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European Court rules workers must be paid for their journey to work

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The European Court of Justice has ruled that for certain employees, their journey to work should be classed as part of their working day.  

The ruling follows a case in the European Court of Justice in which employees of a Spanish company who installed security systems, sought to argue that it was unfair that they should not be paid for the time spent travelling to appointments. The case was sparked by the closure of the company’s regional offices which led to the workers having to travel much further before starting work.

The ruling only affects workers who do not have a fixed place of work and would include professions in which it is necessary for employees to travel to appointments such as carers and trades people.   

It was decided that in order for employers to comply with the Working Time Directive which sets out when workers should be allowed to take breaks and how many hours workers can be requested to work each week, travelling to and from appointments must be classed as work. It was felt that if this time was not considered part of their working day, workers would not be getting sufficient rest breaks and this would have a negative impact on their health and safety.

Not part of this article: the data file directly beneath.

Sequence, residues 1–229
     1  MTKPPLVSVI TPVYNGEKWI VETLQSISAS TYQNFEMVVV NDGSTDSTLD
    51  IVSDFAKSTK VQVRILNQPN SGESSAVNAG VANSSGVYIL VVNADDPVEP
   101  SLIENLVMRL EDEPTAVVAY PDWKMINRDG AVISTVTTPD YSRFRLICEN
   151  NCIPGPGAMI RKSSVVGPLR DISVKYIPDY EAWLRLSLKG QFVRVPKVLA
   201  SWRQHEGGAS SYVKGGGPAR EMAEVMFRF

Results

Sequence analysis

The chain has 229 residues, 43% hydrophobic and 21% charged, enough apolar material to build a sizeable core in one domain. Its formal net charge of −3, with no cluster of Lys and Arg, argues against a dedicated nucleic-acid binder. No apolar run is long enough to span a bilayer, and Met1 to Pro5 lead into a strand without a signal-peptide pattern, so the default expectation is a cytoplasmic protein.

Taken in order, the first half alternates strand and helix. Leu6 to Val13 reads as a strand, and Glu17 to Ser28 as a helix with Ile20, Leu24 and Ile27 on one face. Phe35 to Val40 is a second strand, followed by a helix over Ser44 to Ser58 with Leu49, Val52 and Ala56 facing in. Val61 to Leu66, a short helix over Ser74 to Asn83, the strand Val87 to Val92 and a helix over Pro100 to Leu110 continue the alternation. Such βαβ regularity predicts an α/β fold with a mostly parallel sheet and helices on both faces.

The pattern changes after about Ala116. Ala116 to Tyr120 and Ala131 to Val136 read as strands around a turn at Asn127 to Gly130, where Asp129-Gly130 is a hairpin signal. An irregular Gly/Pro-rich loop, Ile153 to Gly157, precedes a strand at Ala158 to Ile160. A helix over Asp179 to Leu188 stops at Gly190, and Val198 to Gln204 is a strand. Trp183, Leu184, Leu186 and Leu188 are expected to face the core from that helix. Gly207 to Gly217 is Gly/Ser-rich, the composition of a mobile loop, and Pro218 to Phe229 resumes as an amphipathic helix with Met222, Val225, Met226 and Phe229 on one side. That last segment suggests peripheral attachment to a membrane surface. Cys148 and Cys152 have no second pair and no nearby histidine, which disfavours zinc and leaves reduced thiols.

This decision, which affects all EU member states including the UK, could have major implications for businesses as employees who may have to travel long distances to get to their first appointment and to get home at the end of their working day, will now have to be paid for their time spent travelling. It is clear that in order to reduce the financial impact on their businesses, employers will now to have to take time to consider how they can plan appointments so that workers do not have to travel as far each day.

 If you feel that you have been affected by this issue and would like further advice, our team can be contacted on 0175 321 6399.

By Lucy Hallett, litigation executive in the dispute resolution team